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Uber’s background checks are again in an uncomfortable spotlight after the company confirmed the suspect in the New York City terror attack had worked as one of its drivers. 

Sayfullo Habibullaevic Saipov, 29, worked for Uber and passed a background check, the company told CBS. Uber is reviewing Saipov’s history with the ride-share company, but hasn’t yet identified any safety reports that would have raised concerns. 

Uber is trying to shake a number of scandals and customer concerns, ranging from a dysfunctional corporate culture that included allegations of sexual harassment to questions about its driver screening process. It’s not the first time an Uber driver has ended up as a criminal suspect: Jason Brian Dalton, who allegedly shot eight people in Kalamazoo, Michigan, had worked for the ride-hailing app and passed its screening process. 

Saipov was arrested in a St. Louis, Missouri suburb in 2016 after he failed to appear in court for a ticket citing improper brakes on a commercial vehicle, according to the Kansas City Star. He was also cited in 2012 and 2015 for traffic violations, the publication said.

So what does Uber check when it searches an applicant’s background? The company said its drivers go through a thorough screening process before they are given a greenlight. Local laws govern what must be searched in drivers’ backgrounds, which means the criteria can differ from state to state. 

Broadly, Uber says its screening includes a review of motor vehicle records as well as a criminal background check. But some traffic violations won’t immediately knock an applicant out of consideration, since Uber says that it bars people with “major” moving violations, such as DUIs or reckless driving, within the past seven years. 

Drivers with fewer than three “minor” moving violations within the last three years, which Uber described as a speeding ticket or a failure to obey traffic laws, can still pass Uber’s background check. Given that leniency, it’s possible Saipov’s violations wouldn’t have bumped him from the job.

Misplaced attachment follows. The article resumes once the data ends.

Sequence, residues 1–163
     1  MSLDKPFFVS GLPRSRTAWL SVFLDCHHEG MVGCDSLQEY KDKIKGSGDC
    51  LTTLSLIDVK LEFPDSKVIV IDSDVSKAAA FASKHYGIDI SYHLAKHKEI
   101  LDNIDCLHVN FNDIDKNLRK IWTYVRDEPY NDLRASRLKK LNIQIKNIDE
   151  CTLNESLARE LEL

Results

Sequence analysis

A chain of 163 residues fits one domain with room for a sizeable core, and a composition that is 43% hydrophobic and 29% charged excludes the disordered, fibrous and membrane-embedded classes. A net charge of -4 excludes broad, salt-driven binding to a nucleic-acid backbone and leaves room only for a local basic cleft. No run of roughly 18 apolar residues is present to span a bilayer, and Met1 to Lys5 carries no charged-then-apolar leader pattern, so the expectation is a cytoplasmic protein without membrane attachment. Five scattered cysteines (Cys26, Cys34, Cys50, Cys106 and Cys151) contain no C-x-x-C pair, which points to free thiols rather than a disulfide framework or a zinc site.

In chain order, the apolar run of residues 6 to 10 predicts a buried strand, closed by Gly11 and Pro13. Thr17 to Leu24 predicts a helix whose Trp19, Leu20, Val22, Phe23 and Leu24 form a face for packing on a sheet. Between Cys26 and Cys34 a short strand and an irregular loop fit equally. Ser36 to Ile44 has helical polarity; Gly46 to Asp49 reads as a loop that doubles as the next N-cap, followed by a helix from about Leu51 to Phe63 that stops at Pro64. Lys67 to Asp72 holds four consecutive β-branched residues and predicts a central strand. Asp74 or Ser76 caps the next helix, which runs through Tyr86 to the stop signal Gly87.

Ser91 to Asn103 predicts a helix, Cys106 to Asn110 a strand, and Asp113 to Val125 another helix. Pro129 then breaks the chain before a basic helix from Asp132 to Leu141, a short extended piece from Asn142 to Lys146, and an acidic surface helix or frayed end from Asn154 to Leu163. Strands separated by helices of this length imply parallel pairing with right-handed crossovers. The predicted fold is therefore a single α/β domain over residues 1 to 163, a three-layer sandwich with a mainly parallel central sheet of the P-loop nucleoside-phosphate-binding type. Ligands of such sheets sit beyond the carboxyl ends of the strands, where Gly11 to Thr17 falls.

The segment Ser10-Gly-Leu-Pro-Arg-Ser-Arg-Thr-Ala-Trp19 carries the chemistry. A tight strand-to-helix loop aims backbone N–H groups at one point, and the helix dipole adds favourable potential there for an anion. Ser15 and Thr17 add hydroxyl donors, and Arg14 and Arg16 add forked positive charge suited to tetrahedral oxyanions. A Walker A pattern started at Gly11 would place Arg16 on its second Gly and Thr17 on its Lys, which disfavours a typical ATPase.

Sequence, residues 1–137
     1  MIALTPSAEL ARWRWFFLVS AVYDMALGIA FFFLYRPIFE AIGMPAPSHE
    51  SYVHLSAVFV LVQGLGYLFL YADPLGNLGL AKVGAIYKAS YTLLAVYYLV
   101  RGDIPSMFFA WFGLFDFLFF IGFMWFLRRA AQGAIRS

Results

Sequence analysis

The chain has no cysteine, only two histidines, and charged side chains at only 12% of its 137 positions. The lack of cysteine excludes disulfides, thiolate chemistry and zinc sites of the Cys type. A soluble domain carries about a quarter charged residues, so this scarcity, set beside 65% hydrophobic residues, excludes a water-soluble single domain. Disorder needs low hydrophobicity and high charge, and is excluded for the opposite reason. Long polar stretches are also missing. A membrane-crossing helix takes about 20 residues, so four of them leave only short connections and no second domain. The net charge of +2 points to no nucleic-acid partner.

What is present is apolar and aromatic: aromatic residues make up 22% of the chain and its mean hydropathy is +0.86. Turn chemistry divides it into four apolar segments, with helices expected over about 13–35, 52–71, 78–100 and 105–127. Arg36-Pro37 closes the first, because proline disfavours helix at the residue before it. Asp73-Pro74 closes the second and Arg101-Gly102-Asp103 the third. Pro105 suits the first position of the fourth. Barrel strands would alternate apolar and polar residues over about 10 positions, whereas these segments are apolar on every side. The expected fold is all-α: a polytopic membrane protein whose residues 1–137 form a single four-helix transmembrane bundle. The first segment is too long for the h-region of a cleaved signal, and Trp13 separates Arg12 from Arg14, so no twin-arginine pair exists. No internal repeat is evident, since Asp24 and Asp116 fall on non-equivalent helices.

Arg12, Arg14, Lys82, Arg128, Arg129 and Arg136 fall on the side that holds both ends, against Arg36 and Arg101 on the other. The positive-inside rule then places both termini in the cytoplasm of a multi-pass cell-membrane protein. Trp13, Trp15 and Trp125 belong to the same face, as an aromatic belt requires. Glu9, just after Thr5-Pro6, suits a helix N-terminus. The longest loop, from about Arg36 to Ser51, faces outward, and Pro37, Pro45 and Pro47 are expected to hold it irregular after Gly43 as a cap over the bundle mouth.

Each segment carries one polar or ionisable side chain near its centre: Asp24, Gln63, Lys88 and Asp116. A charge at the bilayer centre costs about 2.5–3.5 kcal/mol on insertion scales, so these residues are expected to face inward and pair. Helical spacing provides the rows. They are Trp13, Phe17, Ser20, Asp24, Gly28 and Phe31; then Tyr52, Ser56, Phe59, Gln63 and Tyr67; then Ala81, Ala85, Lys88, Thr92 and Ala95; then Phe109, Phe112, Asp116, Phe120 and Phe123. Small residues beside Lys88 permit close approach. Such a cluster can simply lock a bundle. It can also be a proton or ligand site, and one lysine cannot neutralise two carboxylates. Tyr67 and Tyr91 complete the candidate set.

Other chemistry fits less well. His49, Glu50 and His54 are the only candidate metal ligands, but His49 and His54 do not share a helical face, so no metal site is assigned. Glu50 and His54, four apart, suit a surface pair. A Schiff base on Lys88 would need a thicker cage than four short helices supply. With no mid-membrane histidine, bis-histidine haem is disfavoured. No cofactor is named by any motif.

Uber also bans people with a conviction for a felony, violent crime or sexual offense within the last seven years. 

As for Saipov, Uber most recently screened him in July, when he passed its background check. 

Massachusetts recently changed its regulations to require Uber and rival ride-sharing apps to search drivers’ entire history, rather than the most recent seven years. After the stricter regulations went into effect, about 10 percent of drivers failed to pass the screening. The largest number were turned away because of previously suspended licenses, while some had serious driving offenses. More than 300 had felony convictions and 51 were registered sex offenders. 

Uber faulted the new background process as too strict, stripping away workers’ ability to earn a living. Massachusetts recently tweaked its rules to ease some of the restrictions, such as allowing drivers the opportunity to appeal rejections

London officials earlier this year said they planned to strip Uber of its operating license, citing the safety of passengers among their reasons for the move. Their stated concerns included how serious criminal offenses were reported and how background checks were obtained. Uber has appealed the decision.

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